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B.C. Health Minister Terry Lake said the federal medical marijuana system should be reformed to include face-to-face sales in outlets such as pharmacies instead of limiting it to the current mail-order system. (Jeff McIntosh For The Globe and Mail)
B.C. Health Minister Terry Lake said the federal medical marijuana system should be reformed to include face-to-face sales in outlets such as pharmacies instead of limiting it to the current mail-order system. (Jeff McIntosh For The Globe and Mail)

MARIJUANA

B.C. Health Minister to push for pot reforms, regulated sales outlets Add to ...

British Columbia’s Health Minister says he will use meetings with his provincial and federal counterparts this week in Vancouver to push for recreational marijuana to be sold in locations that are strictly regulated and inspected, such as special kiosks at liquor stores.

Terry Lake also said the federal medical marijuana system should be reformed to include face-to-face sales in outlets such as pharmacies instead of limiting it to the current mail-order system, though he said dispensaries – which are flourishing in cities such as Vancouver and Toronto – should not be involved.

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The oncoming legalization of marijuana will be on the agenda when ministers start two days of meetings this Wednesday, two weeks after MP Bill Blair, a former Toronto police chief, was tapped to oversee a federal-provincial task force that will create a framework for legalizing and regulating the recreational use of the drug.

That process could take up to two years and, in the meantime, Mr. Lake said it’s important for politicians and public-health officials to focus on two things: making the drug harder for young Canadians to get and enforcing strict quality controls, as Health Canada does now under its existing medical marijuana regime.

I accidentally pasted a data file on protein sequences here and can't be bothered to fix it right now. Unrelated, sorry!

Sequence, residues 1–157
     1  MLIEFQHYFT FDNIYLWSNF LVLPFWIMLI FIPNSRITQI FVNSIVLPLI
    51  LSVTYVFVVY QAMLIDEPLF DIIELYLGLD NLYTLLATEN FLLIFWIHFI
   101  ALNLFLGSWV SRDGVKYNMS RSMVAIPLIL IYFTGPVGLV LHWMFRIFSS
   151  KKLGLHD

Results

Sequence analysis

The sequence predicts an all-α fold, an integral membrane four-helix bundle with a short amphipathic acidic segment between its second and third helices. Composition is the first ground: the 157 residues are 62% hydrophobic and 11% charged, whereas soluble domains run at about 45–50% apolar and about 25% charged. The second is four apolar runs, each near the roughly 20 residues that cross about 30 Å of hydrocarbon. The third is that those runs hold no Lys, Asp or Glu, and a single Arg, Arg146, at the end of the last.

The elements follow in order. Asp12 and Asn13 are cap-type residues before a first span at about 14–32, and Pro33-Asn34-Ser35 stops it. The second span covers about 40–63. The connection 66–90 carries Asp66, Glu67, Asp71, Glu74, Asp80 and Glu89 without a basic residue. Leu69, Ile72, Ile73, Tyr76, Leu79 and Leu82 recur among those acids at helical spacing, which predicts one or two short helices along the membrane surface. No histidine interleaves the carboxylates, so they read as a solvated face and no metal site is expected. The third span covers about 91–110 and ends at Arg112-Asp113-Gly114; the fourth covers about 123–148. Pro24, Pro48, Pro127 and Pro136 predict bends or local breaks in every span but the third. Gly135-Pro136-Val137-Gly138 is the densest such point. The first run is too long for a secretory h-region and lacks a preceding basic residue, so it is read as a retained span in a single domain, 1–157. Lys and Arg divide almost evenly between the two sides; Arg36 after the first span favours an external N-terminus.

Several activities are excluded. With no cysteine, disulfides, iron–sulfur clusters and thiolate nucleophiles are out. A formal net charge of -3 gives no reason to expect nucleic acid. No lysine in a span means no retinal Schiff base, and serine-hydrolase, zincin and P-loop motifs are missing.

“We have an opportunity on the medical side to improve the system, as well as we do on the recreational side,” he said.

“This is a once-in-a-lifetime opportunity when you are taking a product like this and making it legal.”

Dipika Damerla, Ontario’s associate minister of health, said in an e-mailed statement that she is looking forward to discussing the issue and stands by Premier Kathleen Wynne’s endorsement of selling cannabis in liquor stores. Ms. Wynne said last month that legalized marijuana sales through government liquor stores “makes sense,” arguing they would do the best job of ensuring the drug is sold responsibly.

A month after last fall’s federal election, Manitoba Premier Greg Selinger first posited such stores would be a good fit.

In B.C., the union representing workers in government liquor stores, as well as an industry group representing private stores, have also called for marijuana sales in their shops.

Mr. Lake said he would rather recreational pot be sold at these government or private stores in place of dispensaries, because they have a proven track record of enforcing age limits.

However, he said there are real public-health concerns about placing bud next to beer. That means, at the very least, such stores should be strictly licensed and inspected and cannabis should be sold at “a separate pharmacy-type counter.”

Perry Kendall, B.C.’s provincial health officer, said it would be hard to allow those under 21 to buy liquor in one store but prohibit them from purchasing pot in that same shop if a higher age limit is imposed on marijuana sales, as some public-health experts are recommending.

Mr. Lake said his government lobbied Health Canada to allow stores to sell medical marijuana before it overhauled the rules in 2014 to switch from small-scale growers to a handful of commercial producers who mail their products directly to patients who have doctors’ prescriptions.

There are roughly 500,000 medical-cannabis users in Canada over the age of 25, according to a survey commissioned by Health Canada. Fewer than 24,000 people were registered under the federal government’s mail-order medical pot system at the end of last June.

That means, for now, illegal dispensaries and compassion clubs are likely supplying between 100,000 and 200,000 patients, while a remaining 300,000 or so people continue to turn to the black market, cannabis consultant Eric Nash told The Globe late last year.

Mr. Lake said he could envision a system where patients needing medical cannabis can buy from existing producers through pharmacies offering products with high levels of CBD – the compound credited with marijuana’s therapeutic effects – and low levels of THC – pot’s psychoactive compound. Conversely, consumers craving a recreational high would flock to stores selling cannabis with an opposite mix of the two compounds, he said.

He praised the new federal Liberal government’s commitment to legalizing the drug, noting “you can’t pretend that people aren’t going to use marijuana.”

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